Starbucks beats profit estimates despite hit to China business

A Starbucks sign is shown on one of the company’s stores in Los Angeles, California, US October 19, 2018. REUTERS/Mike Blake GLOBAL BUSINESS WEEK AHEAD

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Aug 2 (Reuters) – Starbucks Corp (SBUX.O) beat Wall Street estimates for quarterly profit on Tuesday as higher prices and strong demand for its coffees in the United States helped offset a hit to business in China from renewed COVID-19 lockdowns.

The Seattle-based chain earned 84 cents per share on an adjusted basis, beating estimates of 75 cents. Shares of the company rose more than 1% in extended trading.

However, global comparable sales rose 3% in the fiscal third quarter ended July 3, compared with analysts’ average estimate for a 3.76% rise, according to Refinitiv IBES.

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A fresh round of lockdowns in Shanghai and a resurgence of COVID-19 in Beijing and other Chinese cities had forced Starbucks stores to shut seating areas, allowing the company to offer only deliveries or mobile orders for most of the quarter.

Comparable sales in China, Starbucks’ fastest-growing market, slumped 44% in the third quarter, bruising its international business.

Higher costs for ingredients and enhanced benefits for some US employees ate into operating margins, which fell by 400 basis points to 15.9%. Same-store sales grew 9% in North America.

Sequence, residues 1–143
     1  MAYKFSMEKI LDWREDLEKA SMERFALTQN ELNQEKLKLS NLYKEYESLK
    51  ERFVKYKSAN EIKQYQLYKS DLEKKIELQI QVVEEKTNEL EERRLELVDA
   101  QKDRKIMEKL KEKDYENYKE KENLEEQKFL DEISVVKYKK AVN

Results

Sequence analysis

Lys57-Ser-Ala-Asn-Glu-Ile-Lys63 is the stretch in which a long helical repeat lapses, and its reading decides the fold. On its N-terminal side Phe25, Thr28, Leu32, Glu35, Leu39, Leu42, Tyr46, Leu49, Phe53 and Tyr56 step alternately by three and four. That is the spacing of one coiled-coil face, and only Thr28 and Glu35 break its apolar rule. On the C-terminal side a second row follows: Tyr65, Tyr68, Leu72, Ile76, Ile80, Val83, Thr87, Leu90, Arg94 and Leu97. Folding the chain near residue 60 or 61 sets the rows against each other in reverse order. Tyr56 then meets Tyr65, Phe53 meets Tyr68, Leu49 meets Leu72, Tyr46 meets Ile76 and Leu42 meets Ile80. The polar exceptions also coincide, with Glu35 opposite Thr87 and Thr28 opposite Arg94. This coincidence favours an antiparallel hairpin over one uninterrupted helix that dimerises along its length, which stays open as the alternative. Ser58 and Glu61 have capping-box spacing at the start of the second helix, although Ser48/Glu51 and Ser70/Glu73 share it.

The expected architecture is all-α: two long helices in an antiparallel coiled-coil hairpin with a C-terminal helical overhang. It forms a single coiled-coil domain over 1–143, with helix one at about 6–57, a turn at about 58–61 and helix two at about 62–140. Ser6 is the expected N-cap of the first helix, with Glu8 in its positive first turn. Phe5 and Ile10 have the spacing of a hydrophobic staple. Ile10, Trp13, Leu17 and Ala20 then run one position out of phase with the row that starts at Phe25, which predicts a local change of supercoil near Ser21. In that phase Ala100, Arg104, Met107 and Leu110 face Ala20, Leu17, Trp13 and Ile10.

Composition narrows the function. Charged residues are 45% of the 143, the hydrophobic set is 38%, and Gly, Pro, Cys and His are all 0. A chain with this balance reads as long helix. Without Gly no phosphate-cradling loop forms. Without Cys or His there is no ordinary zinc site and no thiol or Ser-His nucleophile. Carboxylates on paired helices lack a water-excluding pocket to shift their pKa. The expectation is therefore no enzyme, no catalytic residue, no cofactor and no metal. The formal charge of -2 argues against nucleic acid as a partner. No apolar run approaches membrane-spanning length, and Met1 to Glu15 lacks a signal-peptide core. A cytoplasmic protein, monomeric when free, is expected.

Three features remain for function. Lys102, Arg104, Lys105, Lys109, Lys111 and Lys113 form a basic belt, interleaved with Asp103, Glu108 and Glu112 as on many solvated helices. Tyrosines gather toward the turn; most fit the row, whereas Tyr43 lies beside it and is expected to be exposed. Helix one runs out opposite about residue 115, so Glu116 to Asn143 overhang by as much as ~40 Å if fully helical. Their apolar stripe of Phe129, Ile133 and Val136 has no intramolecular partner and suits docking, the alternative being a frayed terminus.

As it fends off an organizing drive that has prompted workers at 200 stores to vote to unionize since last year, interim Chief Executive Officer Howard Schultz said in April that the company would boost benefits and wages – but only for workers in non-unionized stores – starting this week.

“We have a clear line of sight on what we need to do to reinvent the company,” Schultz said in an earnings release. “The Q3 results we announced today demonstrate the early progress we have made in just four short months.”

Total net revenue rose to $8.15 billion from $7.5 billion a year earlier, edging past analysts’ average estimate of $8.11 billion.

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Reporting by Deborah Sophia in Bengaluru and Hilary Russ in New York Editing by Maju Samuel and Matthew Lewis

Our Standards: The Thomson Reuters Trust Principles.

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